No Rest for Retirees: Fractivism Becomes a Full-Time Job

No Rest for Retirees: Fractivism Becomes a Full-Time Job by Susan Phillips, August 29, 2012, State Impact NPR
“I’m mind­ing my own busi­ness at home,” says Rick. “And this car comes, cou­ple guys get out. [They say] we’re here to test your water because they’re going to drill a dis­posal well on the other side of the hill. And right away he says, if your water gets con­t­a­m­i­nated the Brady Town­ship water sup­ply is right down there on the other side of the tracks.” Clearfield County was once coal coun­try, where strip min­ing led to pol­luted water sup­plies. So, a good por­tion of the Town­ship relies on treated munic­i­pal water sys­tems. But the Atkin­sons and their neigh­bors have really good well water. And they don’t want to lose it. So Mar­i­anne got to work. She filed Right to Know requests with the Depart­ment of Envi­ron­men­tal Pro­tec­tion and the EPA. They got rejected. She filed again. She spoke to local offi­cials, who at the time had no idea of the plan. She started research­ing deep injec­tion wells, find­ing a report about the fea­si­bil­ity of these wells in Penn­syl­va­nia dat­ing back to 1972. She’s become some­what of an expert on deep injec­tion wells and the state’s geology. “It was like, oh I have to learn stuff really fast,” says Mar­i­anne. “It’s like being back in school again.”

Mar­i­anne is afraid her well water could be ruined if a com­pany starts truck­ing in mil­lions of gal­lons of frack water from Mar­cel­lus Shale nat­ural gas drilling sites all over the state. The waste water would get pumped at high pres­sure deep under­ground from a site on her neighbor’s land, just 900 feet from her own water well. She’s orga­nized a post card cam­paign for her neigh­bors to inform their elected offi­cials and the EPA that they want notice when and if the per­mit for the deep injec­tion well is completed. She started check­ing the EPA’s pub­lic notices every day. And one day last Decem­ber, she didn’t like what she saw. “My eyes popped open,” says Mar­i­anne. “I read: Clearfield County, injec­tion well failure.” A deep injec­tion well oper­ated by another com­pany, Exco Resources, had leaked, but the com­pany con­tin­ued to oper­ate the well with­out inform­ing the EPA. … “In the begin­ning I felt some degree of safety,” says Rick. “Because in the per­mit it says if there was a fail­ure of mechan­i­cal integrity, they would notify the EPA within 24 hours. So it was very dis­turb­ing to me that a basic fun­da­men­tal oper­a­tional fail­ure occured and they didn’t notify the EPA. And not only that, they kept injecting.”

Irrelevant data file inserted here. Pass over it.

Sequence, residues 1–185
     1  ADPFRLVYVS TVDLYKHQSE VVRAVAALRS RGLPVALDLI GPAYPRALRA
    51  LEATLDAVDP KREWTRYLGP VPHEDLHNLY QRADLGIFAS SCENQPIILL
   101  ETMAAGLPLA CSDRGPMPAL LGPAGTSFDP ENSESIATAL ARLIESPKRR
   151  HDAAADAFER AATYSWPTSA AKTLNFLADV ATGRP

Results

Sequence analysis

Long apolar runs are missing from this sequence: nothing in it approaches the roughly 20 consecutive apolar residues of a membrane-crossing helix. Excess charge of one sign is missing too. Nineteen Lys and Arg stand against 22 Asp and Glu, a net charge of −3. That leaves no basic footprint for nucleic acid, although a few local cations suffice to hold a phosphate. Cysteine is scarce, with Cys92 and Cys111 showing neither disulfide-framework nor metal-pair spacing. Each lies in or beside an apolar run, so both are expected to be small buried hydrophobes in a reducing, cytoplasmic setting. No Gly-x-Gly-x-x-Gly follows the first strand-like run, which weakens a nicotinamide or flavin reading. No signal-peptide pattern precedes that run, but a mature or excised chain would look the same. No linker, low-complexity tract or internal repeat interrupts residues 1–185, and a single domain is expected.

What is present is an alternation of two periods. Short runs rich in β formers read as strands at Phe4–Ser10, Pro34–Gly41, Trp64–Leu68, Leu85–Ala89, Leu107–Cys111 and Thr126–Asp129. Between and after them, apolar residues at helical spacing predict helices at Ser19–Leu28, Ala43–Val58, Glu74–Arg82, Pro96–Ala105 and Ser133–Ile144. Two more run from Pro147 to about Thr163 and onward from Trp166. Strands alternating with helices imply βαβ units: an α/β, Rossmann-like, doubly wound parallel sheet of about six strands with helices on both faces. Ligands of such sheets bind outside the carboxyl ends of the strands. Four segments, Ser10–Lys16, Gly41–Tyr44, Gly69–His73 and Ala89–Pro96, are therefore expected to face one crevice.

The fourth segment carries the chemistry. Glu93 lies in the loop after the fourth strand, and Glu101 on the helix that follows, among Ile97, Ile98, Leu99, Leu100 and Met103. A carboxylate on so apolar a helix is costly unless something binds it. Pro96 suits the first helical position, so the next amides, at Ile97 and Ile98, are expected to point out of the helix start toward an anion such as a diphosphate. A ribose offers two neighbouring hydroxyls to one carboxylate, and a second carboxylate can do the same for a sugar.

“It has taken over our lives. I’m sup­posed to be retired now,” says Mar­i­anne. “And this is like my full-time job that I’m not get­ting paid for.” Wor­ried about los­ing their water sup­ply, and watch­ing their prop­erty val­ues plum­met, the Atkin­sons have become part of a grow­ing, decen­tral­ized grass­roots move­ment, work­ing from their kitchen tables, to put the brakes on nat­ural gas devel­op­ment. [Emphasis added]

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